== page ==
The Curzon Line defined Poland's Eastern Border: The Curzon Line had its beginnings after the end of World War I, when the Supreme War Council on December 8, 1919 formally established a temporary demarcation line between the eastern border of the re-emerged Second Republic of Poland and its neighbour Russia. The Allies made the decision at their discretion, as per Article 87 of the Versailles Treaty. The Line was later named after the British Foreign Secretary Lord Curzon of Kedleston, however no mention was made that it might become a permanent boundary. The ensuing Polish-Russian War was fought with neither side accepting the proposed Line. Stalin anticipated that the war would end in total Polish capitulation, however, Poland ultimately won the war. The final Peace of Riga (or Treaty of Riga) provided Poland with almost 135,000 square kilometres (52,000 sq mi) of land that was, on average, about 250 kilometres (160 mi) east of the Curzon line. (When Poland was invaded by Germany and Russia in September 1939, Russia seized territory according to the Molotov-Ribbentrop Pact, but it did not follow the Curzon Line, but farther beyond it, annexing it to Byelorussian SSR and Ukrainian SSR.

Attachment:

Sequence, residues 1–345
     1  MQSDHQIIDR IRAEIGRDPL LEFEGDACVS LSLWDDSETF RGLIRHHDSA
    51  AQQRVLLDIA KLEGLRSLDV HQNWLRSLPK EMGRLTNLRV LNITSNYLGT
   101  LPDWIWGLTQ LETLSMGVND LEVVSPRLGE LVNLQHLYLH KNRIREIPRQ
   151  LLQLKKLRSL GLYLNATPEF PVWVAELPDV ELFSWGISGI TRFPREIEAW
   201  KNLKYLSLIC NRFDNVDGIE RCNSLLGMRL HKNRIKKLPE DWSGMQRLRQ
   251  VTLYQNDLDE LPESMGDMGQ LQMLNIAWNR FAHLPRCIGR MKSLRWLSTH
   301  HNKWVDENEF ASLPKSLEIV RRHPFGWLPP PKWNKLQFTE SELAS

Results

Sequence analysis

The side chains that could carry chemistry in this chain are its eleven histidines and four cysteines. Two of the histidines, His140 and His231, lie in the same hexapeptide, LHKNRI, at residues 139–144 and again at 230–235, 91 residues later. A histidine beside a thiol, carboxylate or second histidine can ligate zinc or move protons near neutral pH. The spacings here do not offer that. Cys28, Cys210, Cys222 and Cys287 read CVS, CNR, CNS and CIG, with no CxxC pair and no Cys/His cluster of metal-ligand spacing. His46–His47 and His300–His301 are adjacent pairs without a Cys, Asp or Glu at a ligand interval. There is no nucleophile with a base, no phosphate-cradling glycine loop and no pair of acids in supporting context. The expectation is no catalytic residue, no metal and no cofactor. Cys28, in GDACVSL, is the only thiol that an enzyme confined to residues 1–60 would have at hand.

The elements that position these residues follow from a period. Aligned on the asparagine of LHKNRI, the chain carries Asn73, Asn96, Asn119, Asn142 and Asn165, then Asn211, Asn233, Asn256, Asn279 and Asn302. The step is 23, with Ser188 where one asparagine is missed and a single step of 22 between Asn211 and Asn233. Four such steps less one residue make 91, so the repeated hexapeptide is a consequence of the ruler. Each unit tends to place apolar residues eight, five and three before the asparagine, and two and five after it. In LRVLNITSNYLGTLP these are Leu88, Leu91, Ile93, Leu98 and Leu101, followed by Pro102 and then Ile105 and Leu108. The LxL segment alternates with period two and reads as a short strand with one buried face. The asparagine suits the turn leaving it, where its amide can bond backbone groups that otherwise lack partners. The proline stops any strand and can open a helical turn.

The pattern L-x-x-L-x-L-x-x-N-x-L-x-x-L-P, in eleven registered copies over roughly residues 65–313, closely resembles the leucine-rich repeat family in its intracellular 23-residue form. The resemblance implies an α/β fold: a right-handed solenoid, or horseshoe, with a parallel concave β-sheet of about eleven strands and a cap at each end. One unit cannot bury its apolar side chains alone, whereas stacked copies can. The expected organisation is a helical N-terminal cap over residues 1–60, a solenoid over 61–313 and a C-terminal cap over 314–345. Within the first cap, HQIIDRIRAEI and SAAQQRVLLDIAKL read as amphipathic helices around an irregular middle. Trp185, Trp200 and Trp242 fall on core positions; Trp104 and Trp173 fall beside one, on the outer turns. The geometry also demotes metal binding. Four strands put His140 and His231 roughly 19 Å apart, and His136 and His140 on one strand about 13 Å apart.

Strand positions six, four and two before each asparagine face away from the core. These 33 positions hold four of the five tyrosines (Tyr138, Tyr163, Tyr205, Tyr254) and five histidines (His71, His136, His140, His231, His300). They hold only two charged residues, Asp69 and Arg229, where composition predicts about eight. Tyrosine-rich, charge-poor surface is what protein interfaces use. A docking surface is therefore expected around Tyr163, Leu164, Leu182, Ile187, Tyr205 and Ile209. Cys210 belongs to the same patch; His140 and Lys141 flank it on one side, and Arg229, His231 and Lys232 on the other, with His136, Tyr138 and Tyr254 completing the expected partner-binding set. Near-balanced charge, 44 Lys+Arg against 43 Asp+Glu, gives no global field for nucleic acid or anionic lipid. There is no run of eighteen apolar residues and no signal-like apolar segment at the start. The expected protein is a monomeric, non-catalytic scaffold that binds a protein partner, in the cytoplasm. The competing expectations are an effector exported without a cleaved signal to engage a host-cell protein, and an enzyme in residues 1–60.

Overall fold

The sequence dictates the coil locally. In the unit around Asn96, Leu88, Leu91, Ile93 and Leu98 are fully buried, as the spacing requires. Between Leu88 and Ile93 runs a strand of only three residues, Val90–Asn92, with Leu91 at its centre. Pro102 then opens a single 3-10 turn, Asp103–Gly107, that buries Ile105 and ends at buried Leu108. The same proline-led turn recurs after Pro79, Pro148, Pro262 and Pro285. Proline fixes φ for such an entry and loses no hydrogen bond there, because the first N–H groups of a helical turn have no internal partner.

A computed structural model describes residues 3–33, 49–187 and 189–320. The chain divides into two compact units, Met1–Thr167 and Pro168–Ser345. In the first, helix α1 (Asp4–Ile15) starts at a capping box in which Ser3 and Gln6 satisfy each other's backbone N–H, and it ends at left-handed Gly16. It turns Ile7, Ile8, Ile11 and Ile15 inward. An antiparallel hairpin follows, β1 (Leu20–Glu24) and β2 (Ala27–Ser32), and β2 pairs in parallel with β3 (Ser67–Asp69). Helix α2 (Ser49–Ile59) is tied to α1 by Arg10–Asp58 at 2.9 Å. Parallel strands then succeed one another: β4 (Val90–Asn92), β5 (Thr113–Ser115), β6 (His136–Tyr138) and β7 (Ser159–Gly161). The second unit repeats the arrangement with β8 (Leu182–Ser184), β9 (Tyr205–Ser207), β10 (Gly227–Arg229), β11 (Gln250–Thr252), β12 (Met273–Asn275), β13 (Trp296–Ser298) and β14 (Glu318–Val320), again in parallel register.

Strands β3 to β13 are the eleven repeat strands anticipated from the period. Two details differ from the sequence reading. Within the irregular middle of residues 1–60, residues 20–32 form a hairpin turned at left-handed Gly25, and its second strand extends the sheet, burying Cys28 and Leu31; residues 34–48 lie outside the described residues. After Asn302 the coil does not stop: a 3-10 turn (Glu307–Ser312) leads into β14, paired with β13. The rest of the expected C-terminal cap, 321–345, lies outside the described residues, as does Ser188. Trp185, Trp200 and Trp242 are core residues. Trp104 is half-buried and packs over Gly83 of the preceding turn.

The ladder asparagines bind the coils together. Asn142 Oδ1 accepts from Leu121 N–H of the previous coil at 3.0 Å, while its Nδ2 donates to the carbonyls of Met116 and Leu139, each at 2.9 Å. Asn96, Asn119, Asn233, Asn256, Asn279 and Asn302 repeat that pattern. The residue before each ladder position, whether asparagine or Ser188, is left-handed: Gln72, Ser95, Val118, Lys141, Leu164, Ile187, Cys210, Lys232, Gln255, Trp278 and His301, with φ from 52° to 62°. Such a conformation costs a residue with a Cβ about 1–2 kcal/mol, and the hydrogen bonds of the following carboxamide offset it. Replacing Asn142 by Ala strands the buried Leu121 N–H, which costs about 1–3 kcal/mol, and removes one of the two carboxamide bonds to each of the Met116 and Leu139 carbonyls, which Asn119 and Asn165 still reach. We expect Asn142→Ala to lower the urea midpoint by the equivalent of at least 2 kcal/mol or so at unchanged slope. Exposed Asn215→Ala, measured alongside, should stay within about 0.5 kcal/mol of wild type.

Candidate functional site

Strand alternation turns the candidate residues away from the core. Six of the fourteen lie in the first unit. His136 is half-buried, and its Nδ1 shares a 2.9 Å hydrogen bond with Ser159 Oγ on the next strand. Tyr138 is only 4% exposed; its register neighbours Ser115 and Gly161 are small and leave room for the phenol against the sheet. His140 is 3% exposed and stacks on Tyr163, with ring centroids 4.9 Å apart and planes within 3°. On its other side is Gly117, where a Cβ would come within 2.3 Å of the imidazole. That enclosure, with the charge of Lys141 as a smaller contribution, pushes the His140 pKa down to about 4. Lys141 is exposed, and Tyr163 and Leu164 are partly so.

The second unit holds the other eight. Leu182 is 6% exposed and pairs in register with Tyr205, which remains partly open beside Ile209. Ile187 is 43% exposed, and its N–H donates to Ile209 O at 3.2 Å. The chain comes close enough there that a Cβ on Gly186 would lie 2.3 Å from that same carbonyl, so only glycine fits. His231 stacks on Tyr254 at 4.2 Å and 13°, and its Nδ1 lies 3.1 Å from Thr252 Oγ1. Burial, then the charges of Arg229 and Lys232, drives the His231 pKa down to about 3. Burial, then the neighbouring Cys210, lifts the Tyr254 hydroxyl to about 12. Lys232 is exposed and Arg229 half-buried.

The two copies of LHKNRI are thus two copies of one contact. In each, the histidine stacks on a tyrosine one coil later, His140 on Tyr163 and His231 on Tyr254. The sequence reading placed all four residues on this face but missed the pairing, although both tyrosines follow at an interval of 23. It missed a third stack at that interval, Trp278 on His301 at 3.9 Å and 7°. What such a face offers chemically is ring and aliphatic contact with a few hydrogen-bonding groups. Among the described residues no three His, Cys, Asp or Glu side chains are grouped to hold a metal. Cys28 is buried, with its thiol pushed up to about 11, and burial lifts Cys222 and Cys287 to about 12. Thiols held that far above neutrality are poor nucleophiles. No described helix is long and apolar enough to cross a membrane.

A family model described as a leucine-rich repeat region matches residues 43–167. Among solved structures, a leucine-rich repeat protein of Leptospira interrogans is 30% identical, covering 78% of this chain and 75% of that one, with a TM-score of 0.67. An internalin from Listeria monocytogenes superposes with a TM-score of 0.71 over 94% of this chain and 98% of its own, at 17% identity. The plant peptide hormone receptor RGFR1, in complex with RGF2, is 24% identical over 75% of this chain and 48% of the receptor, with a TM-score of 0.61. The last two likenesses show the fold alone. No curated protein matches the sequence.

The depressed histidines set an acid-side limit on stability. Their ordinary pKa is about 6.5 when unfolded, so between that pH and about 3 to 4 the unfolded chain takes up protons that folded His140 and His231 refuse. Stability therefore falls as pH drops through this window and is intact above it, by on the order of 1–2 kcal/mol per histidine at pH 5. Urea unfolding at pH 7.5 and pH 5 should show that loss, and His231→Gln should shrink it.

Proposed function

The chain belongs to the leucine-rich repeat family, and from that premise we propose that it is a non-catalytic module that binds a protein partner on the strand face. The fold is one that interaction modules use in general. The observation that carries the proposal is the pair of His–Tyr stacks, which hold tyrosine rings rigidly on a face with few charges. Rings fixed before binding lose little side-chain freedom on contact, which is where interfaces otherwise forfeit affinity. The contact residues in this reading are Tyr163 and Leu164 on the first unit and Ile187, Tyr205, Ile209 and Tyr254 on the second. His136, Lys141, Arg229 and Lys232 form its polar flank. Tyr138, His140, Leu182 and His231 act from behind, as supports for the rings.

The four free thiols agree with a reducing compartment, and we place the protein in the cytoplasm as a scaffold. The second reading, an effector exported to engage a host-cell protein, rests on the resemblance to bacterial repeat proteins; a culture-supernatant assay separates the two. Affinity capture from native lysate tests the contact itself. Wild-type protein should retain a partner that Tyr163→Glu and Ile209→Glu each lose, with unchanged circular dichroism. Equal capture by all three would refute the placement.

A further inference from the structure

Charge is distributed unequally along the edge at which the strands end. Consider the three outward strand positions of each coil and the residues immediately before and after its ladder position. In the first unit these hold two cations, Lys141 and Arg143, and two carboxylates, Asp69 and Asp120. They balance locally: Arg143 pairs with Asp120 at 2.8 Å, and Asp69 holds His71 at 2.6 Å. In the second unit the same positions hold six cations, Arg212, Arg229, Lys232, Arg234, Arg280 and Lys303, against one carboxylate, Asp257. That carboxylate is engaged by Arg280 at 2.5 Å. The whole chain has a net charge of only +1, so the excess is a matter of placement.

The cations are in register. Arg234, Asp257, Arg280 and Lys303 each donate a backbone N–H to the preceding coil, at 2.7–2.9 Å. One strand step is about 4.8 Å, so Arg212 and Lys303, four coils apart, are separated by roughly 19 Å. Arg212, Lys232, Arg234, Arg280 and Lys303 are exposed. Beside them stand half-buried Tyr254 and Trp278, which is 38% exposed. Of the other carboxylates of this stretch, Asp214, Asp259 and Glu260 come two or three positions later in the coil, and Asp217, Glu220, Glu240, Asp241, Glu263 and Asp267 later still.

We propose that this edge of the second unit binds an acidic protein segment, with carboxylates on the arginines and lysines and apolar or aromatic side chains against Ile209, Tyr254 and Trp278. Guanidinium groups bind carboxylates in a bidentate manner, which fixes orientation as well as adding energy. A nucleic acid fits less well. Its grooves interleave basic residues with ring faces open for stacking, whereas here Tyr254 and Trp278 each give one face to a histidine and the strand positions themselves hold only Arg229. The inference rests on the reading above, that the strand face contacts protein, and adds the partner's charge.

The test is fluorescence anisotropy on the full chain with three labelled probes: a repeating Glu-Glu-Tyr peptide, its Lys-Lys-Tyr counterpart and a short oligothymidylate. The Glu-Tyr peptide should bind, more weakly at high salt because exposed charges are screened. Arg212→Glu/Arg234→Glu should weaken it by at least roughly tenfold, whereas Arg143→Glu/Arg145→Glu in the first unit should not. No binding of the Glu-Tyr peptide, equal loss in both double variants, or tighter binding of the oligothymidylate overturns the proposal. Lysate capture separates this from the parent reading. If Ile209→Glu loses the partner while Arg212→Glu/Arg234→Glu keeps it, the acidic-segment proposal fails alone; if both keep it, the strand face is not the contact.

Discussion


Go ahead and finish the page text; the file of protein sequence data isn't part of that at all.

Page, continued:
Polish Pilots in the RAF. The first contingents of Polish pilots reached Great Britain on December 8, 1939. More transports followed until by early June 1940 there were a total of 2,164 Polish air personnel in Britain where they were assigned to various squadrons of the RAF. By the end of July 1940, an additional 6,220 Polish air personnel reached Britain, bringing the total of Polish airmen in Britain to 8,384 men. When Poland was invaded by the Nazi Germans on September 1, 1939 the Polish defences were severely strained under a powerful German assault. Polish armies collapsed shortly after September 17, 1939, when the Soviets launched a surprise invasion from the east. Polish forces fought with great courage , but were crushed in a matter of five weeks. The Polish government and armed forces evacuated en masse from Poland and made their way to France, through Hungary and Romania, in order to continue the fight against the Nazis and the Soviets. But when France fell on May 10, 1940, the Poles evacuated to Great Britain, which they perceived as the last Island of Hope.
The Krupp Trial was the tenth of 12 trials of the United States Military Tribunal at Nuremberg (not to be confused with the Nuremberg Trials). It was also called the "Subsequent Nuremberg Trials". The trial was held from December 8, 1947 to July 31, 1948. The accused were twelve former directors of the Krupp Group,who were responsible for arming the German military forces, and for using slave labor in their companies. The main defendant was Alfried Krupp, CEO of the Krupp Holding. One defendant (Pfirsch) was acquitted, while the others received prison sentences between three and twelve years. The main defendant Alfried Krupp was ordered to sell all his possessions. His company had used 100,000 people as slave labor, which included 23,000 POWs.